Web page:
It is helpful to set aside a regular time and place for meditation. If you are able to devote an area of your home for daily practice, the energy of your devotion will permeate the space and positively influence your sessions. Because meditation provides such a wonderful sense of clarity and perspective, it is helpful to begin your morning, first thing, with meditation before becoming involved with the concerns of the day.
When the sage Ramana Maharshi was asked about the best posture for meditation he replied that it is the posture in which the mind is still. Meditation can be practiced seated on the floor, on a cushion, or in a chair. The posture should be relaxed but firm, with the spinal column straight. This posture reflects the quality of mind that is most conducive to meditative awareness—a firm intention to experience God or Truth, balanced with peaceful surrender to divine grace and timing.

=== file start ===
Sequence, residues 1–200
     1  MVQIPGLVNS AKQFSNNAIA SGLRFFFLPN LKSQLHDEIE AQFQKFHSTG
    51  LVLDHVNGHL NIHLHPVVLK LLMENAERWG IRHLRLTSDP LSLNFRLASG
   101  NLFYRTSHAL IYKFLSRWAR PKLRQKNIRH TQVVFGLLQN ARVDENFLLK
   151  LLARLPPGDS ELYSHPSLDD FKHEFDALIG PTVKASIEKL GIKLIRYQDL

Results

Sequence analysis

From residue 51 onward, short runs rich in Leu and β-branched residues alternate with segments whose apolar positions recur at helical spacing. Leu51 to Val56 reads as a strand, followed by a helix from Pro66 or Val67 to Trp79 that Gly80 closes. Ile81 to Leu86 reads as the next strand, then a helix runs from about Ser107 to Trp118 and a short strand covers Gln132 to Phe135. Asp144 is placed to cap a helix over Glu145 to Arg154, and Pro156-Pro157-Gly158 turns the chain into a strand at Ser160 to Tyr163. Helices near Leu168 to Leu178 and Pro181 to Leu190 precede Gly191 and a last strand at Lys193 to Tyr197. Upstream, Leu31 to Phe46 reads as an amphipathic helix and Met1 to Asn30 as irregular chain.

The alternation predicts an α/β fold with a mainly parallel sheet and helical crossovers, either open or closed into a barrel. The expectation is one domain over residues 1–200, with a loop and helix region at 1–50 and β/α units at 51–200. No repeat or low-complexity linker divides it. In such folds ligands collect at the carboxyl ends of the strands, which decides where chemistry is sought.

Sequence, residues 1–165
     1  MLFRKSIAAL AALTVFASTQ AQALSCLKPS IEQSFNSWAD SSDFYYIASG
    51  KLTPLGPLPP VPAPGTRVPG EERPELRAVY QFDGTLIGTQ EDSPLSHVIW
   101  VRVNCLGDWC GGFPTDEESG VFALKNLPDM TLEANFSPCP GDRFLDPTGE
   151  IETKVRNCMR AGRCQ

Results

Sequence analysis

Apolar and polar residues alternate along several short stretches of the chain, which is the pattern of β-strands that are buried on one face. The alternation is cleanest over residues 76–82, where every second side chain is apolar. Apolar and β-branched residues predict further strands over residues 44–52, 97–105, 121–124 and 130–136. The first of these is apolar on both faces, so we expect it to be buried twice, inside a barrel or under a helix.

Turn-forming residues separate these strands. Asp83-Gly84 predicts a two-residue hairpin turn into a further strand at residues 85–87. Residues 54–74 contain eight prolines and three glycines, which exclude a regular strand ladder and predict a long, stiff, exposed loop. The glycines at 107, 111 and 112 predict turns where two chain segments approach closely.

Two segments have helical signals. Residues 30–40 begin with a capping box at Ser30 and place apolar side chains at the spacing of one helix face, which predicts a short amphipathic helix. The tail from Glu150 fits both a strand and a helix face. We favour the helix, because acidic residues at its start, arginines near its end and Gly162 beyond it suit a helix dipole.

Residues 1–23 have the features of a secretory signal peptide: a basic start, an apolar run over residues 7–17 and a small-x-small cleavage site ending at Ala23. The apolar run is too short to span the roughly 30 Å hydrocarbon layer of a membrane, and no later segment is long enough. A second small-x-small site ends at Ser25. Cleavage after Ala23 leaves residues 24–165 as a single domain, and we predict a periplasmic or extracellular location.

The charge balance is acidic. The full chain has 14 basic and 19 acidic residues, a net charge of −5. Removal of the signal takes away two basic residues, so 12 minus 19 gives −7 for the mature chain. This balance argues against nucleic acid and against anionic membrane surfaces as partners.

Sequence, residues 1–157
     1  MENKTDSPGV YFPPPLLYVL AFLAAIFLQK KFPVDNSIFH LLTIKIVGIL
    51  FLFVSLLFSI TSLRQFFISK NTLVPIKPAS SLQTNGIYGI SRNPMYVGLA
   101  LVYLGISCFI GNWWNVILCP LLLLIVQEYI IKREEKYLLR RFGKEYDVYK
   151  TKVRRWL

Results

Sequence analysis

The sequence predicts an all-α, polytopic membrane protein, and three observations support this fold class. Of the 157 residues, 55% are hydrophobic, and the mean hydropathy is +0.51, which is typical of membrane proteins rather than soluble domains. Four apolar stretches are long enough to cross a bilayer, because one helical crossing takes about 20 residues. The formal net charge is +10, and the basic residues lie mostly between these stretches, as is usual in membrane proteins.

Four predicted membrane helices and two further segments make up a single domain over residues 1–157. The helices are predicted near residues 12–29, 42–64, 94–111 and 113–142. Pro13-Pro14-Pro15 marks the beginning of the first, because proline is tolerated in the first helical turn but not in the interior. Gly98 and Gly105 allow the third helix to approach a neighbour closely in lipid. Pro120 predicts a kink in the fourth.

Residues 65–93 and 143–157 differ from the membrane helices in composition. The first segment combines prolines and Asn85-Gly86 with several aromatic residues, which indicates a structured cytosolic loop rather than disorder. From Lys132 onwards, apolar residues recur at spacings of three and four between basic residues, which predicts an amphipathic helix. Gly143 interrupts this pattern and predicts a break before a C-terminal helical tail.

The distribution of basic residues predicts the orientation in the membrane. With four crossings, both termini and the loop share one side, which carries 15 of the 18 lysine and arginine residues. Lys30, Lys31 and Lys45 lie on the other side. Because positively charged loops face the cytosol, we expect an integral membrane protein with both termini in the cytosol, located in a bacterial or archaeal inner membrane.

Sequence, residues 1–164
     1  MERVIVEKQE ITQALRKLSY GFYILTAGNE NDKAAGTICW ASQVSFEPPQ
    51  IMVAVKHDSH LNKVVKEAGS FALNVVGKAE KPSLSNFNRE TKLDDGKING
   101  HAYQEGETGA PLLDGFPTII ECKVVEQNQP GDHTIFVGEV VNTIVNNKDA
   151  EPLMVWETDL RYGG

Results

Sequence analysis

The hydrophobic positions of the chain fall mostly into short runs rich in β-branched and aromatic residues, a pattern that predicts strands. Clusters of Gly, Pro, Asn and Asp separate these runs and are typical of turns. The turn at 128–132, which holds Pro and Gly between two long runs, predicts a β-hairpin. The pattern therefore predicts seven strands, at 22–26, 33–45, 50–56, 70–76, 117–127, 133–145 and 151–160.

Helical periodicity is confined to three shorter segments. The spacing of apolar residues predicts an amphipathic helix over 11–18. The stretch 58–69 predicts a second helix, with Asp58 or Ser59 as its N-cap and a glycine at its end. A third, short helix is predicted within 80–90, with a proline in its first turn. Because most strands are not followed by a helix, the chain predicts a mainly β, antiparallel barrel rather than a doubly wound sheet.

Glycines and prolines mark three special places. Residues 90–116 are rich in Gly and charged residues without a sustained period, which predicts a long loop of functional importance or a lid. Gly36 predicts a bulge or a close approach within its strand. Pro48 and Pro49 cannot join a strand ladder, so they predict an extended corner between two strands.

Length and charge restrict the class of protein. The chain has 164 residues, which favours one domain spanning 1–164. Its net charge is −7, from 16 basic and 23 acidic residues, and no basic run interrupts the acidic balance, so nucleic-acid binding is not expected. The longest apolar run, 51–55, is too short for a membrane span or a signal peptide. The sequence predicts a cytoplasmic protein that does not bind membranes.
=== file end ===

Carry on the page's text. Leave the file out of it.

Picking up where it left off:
Begin meditation by closing your eyes and drawing your attention within. Offer a prayer of attunement, acknowledging the presence of God, the saints and sages, the divine nature of all beings, and the spiritual nature of your own soul. Most importantly, feel your connection to God and to all of life. Inwardly walk through the temple door of God’s omnipresence and experience yourself praying “in” God rather than “to” God. Know that God is nearer than your heartbeat, the essence of your being.
Inwardly direct your gaze toward the spiritual eye, the point between the eyebrows. Focus awareness on your breath, noticing the experience of inhalation and exhalation. Whenever you become involved in thoughts, gently return your attention to the breath. After a while, breathing slows down and becomes shallow, thought activity decreases, and moments of calm, pure, awareness are revealed.